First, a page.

Te Araroa News

Te Araroa mourns Sir Wilson Whineray - 23 October 2012

Te Araroa Trust recognises the passing of Sir Wilson Whineray, who died on Monday in Auckland, aged 77.

Sir Wilson was the Patron of Te Araroa - having held the role jointly since inception with Sir Edmund Hillary, then assumed it alone when Sir Edmund passed on in 2008. Sir Wilson was present when the first Te Araroa track was opened - between Kerikeri and Waitangi in February 1995.

Sir Wilson was 21 when he made his All Blacks test debut in May 1957 against Australia in Sydney.

He was quickly elevated to the All Blacks captaincy for the 1958 Series against Australia. He was just 23 and, for a long time, he was the youngest All Blacks captain.

Sir Wilson played 77 times for the All Blacks, including 32 tests, and he captained the side 67 times - a massive number of appearances considering the All Blacks played only two or three test matches a year.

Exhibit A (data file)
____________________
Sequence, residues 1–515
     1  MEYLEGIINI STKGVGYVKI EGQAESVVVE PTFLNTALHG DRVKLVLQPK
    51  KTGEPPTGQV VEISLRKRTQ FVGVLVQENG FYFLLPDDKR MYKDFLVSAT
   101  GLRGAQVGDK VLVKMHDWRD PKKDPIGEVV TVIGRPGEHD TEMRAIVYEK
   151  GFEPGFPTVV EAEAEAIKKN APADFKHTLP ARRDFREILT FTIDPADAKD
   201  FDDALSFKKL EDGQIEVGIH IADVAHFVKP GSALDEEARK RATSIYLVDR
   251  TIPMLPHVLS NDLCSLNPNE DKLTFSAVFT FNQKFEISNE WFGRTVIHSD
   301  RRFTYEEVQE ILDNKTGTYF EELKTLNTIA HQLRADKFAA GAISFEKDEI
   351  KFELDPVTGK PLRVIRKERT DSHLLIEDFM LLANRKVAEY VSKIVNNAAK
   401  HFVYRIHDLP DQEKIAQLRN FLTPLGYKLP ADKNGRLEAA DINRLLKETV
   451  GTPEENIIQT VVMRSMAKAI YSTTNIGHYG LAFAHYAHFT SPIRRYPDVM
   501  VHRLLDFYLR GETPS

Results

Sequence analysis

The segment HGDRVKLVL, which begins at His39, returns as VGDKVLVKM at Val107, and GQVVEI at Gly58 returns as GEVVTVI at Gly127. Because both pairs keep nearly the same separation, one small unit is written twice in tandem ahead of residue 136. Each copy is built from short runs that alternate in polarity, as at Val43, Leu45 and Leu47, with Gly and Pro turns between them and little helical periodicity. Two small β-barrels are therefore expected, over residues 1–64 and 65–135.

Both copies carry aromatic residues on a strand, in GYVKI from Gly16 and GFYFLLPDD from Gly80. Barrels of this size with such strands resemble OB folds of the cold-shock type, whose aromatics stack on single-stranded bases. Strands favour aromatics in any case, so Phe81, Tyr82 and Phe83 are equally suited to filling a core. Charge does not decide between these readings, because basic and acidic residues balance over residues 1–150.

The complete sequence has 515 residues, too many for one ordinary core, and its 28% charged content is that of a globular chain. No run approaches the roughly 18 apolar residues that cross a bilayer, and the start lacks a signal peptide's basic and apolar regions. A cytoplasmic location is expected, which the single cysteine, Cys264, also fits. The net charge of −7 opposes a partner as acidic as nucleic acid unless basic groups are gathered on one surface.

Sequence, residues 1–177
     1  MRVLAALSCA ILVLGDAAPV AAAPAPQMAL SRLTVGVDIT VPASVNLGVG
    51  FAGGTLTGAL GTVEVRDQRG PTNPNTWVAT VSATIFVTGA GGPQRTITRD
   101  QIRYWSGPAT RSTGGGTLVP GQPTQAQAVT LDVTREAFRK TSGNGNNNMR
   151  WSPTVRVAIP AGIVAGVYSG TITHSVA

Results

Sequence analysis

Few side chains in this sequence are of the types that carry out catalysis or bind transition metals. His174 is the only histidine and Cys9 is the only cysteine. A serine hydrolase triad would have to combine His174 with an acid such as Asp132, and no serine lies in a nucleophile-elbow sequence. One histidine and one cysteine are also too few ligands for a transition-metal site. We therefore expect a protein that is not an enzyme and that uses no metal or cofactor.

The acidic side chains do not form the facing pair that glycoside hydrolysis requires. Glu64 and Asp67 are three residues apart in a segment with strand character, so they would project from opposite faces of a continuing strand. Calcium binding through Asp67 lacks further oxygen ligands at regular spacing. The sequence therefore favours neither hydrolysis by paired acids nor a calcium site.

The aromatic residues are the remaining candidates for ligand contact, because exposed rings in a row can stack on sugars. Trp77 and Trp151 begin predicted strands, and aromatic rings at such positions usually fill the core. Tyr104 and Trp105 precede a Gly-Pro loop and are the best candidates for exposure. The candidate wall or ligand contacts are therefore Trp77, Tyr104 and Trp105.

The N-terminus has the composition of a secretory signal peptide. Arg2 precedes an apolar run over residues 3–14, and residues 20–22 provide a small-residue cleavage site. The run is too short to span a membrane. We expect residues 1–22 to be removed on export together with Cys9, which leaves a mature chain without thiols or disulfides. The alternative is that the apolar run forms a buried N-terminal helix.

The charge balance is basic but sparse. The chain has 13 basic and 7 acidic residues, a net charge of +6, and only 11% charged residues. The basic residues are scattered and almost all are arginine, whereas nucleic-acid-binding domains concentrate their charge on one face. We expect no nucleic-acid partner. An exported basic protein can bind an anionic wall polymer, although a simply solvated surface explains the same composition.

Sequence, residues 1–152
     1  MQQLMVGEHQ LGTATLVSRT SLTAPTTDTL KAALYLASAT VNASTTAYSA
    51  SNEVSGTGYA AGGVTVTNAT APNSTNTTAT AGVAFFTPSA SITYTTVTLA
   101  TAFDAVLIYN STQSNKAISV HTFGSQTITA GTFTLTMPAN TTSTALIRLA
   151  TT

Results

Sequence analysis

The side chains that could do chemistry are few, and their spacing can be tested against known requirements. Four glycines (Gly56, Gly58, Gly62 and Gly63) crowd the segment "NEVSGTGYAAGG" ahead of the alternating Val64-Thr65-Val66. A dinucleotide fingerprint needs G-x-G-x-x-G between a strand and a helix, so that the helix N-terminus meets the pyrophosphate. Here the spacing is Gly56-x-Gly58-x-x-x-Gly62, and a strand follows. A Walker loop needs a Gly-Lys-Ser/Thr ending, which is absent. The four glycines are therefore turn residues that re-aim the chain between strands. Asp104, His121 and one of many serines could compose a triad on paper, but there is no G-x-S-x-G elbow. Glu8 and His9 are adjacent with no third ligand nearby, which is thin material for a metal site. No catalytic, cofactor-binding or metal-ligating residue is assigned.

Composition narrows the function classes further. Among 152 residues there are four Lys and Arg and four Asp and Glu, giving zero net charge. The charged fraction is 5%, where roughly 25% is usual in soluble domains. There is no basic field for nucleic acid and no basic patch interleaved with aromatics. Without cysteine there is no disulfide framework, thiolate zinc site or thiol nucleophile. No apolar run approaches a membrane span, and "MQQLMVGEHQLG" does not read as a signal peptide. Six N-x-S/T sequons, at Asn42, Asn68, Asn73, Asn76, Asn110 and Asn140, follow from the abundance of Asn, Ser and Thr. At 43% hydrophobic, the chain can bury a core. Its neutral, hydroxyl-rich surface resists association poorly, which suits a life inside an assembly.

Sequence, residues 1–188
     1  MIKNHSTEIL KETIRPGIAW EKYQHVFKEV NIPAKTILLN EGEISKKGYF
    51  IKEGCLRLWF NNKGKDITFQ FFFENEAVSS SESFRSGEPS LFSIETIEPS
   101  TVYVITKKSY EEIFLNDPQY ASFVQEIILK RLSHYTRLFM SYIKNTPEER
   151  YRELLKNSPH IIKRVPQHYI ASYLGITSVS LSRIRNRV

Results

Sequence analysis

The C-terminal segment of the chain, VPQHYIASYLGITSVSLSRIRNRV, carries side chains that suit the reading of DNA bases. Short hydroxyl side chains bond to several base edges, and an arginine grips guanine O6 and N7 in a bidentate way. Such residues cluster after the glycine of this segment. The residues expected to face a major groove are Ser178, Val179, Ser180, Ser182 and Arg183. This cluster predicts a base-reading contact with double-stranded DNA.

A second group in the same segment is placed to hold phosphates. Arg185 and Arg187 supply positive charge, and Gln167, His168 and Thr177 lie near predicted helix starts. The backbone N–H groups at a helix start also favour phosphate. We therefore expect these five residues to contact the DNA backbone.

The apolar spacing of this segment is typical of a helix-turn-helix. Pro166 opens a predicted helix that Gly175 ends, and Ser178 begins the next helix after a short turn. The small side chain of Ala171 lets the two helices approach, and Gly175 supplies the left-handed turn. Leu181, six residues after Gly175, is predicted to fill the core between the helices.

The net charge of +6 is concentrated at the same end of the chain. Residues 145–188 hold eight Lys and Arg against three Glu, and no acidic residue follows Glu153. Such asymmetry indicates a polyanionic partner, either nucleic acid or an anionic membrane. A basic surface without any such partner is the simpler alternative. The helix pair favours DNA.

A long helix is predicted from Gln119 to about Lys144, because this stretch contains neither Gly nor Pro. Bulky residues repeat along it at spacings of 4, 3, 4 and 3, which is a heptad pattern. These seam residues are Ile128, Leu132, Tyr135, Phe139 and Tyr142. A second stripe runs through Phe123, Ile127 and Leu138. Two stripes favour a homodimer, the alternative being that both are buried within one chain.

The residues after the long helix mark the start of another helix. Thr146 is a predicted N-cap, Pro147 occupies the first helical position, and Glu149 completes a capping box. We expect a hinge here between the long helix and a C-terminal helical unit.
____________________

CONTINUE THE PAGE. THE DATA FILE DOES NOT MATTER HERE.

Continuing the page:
His colossal career included being named New Zealand sportsman of the year in 1965.

The following year he won a Harkness Scholarship to Harvard University where he studied for an MBA in 1967 and 1968.

He received his knighthood in 1998 when he was made a Knight Companion of the New Zealand Order of Merit for his services to sport and business.

In the early 1990s he was appointed the Colonel-Commandant of the New Zealand SAS Regiment - a position he held for five years, and one of which he was very proud.

Te Araroa Trust extends its sympathies to Lady Elisabeth and all of Sir Wilson's family and friends.

(Additional text care of NZ Herald)